MORGANTOWN, W.Va. — Josh Norwood’s West Virginia career was bound to end on some act of reckless abandon.
Given his ejection from two games this season for committing targeting, a repeat violation was the most likely suspect for the senior safety. As it turned out, the only player at risk on his final play was Norwood himself.
On the most extraordinary piece of playmaking by a West Virginia defender this season, Norwood seemingly came out of nowhere, flying through the air to pick off a Skylar Thompson pass in the second quarter of West Virginia’s 24-20 win at Kansas State.
From where he flew, there was little hope of sticking the landing. Norwood’s collarbone broke upon its full-speed impact with the ground. Lauded earlier in the season by coach Neal Brown for his “contact courage,” Norwood went out the very way he always played the game — fearlessly.
— ESPN Player (@espnplayer) November 18, 2019
“When you’re watching film and you see a guy sell out his body, sell out everything he’s done to risk everything to play a ball – that’s something that’s an intangible you can’t teach,” said Mountaineers defensive lineman Reese Donahue.
Defensive coordinator Vic Koenning said the play was an extraordinary combination of play recognition and execution.
“That was the corner’s play,” Koenning said. “When the quarterback threw the ball, he was reading the corner.”
Kansas State Skylar Thompson isn’t the most dynamic quarterback in the league, but he may be the best at reading plays. Thompson had only thrown two interceptions all year and rarely makes the wrong read. As it turned out, he didn’t in this case, either.
WVU corner Hakeem Bailey took the wrong receiver, leaving K-State’s Landry Weber open downfield. Norwood saw what was happening and jumped the play before it turned into a potential disaster.
“Josh made a fantastic play,” Koenning said. “If you want to say he sacrificed his body, it would not be inaccurate to say that.”
Cornerback Keith Washington couldn’t believe his eyes when Norwood came down with the ball.
“Last year I made fun of him because he dropped eight interceptions,” Washington said. “It’s just crazy how he ended his career with an acrobat interception like that.”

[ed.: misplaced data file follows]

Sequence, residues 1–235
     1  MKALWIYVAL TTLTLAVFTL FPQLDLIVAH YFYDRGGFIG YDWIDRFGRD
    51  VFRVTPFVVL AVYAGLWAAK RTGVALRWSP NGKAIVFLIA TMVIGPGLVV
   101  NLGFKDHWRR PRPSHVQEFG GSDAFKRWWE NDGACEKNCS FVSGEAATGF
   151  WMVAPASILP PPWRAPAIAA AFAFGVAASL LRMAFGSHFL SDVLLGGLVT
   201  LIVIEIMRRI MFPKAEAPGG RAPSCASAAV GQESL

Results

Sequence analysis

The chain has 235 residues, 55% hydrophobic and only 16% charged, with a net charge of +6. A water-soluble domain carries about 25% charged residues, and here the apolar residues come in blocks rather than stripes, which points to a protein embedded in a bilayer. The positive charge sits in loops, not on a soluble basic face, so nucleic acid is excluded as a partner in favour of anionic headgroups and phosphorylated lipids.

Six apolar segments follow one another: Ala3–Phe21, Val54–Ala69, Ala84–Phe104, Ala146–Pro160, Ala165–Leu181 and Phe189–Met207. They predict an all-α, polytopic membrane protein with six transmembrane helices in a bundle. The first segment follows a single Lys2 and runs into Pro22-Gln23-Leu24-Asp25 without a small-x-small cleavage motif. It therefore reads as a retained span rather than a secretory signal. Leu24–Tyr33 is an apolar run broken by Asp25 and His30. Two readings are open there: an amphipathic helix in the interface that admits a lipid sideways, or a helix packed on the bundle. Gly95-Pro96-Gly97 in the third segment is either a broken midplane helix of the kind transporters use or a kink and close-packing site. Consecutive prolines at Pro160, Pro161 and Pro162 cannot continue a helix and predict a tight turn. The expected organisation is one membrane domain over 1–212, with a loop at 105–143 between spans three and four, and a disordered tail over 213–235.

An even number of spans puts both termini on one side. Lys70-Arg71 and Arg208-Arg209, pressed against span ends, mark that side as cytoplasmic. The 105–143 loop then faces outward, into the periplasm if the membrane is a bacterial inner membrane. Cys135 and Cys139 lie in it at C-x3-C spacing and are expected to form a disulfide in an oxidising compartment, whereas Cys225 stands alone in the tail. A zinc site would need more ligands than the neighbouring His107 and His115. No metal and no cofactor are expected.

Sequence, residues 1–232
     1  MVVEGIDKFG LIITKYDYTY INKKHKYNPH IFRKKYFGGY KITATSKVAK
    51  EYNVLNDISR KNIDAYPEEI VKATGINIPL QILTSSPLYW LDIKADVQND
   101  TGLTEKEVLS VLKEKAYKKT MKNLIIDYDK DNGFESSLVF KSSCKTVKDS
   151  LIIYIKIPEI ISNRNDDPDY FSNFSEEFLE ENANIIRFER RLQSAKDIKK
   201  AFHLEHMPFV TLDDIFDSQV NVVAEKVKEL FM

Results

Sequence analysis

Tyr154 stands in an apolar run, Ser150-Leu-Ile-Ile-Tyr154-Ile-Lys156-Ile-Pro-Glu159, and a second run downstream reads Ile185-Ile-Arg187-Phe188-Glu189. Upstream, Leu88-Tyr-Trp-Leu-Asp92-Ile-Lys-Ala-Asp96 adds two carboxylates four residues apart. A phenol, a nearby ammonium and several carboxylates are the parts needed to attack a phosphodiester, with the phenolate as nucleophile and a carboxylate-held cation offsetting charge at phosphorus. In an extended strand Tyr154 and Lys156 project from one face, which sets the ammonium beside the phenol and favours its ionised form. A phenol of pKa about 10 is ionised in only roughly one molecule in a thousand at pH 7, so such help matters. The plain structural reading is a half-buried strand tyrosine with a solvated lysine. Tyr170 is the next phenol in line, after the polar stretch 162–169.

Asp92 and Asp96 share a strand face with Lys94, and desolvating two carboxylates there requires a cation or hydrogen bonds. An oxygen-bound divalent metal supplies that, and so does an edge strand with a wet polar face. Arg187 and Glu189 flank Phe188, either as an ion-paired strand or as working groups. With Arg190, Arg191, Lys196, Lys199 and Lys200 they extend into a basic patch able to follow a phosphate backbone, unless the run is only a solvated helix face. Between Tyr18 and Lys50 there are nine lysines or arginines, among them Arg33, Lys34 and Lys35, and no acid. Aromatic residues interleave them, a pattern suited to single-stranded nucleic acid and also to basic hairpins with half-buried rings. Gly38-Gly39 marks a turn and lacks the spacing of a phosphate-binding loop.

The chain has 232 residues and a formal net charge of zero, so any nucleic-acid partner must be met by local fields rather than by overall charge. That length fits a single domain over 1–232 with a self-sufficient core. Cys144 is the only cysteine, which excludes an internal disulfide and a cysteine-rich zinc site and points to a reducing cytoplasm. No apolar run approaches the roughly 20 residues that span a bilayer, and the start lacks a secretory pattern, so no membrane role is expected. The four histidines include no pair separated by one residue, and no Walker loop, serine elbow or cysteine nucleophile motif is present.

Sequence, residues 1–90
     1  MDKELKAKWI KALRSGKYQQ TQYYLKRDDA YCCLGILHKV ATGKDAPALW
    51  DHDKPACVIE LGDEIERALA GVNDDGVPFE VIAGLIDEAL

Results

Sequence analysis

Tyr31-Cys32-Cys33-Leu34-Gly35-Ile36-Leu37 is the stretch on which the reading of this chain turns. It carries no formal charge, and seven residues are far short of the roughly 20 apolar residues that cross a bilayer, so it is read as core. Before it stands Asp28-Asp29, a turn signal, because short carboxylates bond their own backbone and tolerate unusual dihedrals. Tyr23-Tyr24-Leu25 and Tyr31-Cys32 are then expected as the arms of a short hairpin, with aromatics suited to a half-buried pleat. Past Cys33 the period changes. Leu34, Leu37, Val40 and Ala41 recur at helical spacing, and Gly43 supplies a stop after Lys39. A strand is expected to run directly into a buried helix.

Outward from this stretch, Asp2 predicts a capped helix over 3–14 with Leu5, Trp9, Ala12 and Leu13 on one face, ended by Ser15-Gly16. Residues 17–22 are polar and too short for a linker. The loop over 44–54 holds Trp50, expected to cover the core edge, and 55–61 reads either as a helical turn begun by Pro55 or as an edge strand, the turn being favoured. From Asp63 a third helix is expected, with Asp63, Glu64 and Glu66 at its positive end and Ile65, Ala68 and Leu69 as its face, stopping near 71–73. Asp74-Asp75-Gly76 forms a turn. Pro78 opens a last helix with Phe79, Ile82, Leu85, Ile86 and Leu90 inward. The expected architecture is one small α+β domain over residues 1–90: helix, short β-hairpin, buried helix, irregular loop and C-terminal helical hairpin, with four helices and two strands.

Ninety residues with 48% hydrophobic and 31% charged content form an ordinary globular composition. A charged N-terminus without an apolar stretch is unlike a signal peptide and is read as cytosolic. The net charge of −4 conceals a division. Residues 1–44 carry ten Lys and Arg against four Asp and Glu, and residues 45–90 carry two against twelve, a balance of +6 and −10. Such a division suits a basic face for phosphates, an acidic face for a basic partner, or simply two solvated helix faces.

The interception was the first, and likely last, of Norwood’s career. He was West Virginia’s third cornerback last season, but moved to safety when Derrek Pitts and Kenny Robinson left the program over the summer. The position is a far better fit, it would seem, given that Norwood is second on the team with 64 tackles despite missing the greater part of five halves of action due to penalties and the injury.
Whenever he is asked about Norwood, Koenning usually speaks in equal parts exasperation and admiration. Earlier in this season Koenning mentioned that Norwood is poised to be a great coach someday, but couched it by noting that Norwood’s biggest headaches will come from players like Norwood himself.
Koenning originally recruited Norwood out of high school in Valdosta, Ga., which is part of Troy’s natural territory. He figured Norwood was a Sun Belt-level player.
“He was a guy we would like at Troy. I wasn’t 100 percent sold on him because he was undersized and a little underspeed,” Koenning said. “I was shocked that Ohio State took him, to be candid.”
Norwood spent two seasons with the Buckeyes before transferring to Northwest Mississippi Community College, then signed with West Virginia in 2018.
This year, he and Koenning’s paths finally crossed again. Even if he is frequently frustrated by Norwood’s mistakes, it is clear Koenning has developed an affection that may be the strongest he has for any player.
“Josh has what they call ‘dawg’ in him. He is aggressive. He plays like we need all our guys to play like — except for the other parts,” Koenning said. “He’s also a wild card, not always in the right spot. His eyes aren’t always in the right spot. You get what you’ve got.
“He’s had a tumultuous college career and I’ll help him any way I can, because he really wants to be good at something. Being good and being the best matters to him, no matter what he wants to be in.”
There is a chance, however remote, that Norwood isn’t done just yet. Brown said that Norwood’s surgery went well, and a mid-December release is possible. If West Virginia wins its final two games, that would put Norwood on schedule to potentially play in a bowl.
“He’s in a good head space. We make it to a bowl game, he might be able to play,” Donahue said. “Regardless, he’s got a great future ahead of him.”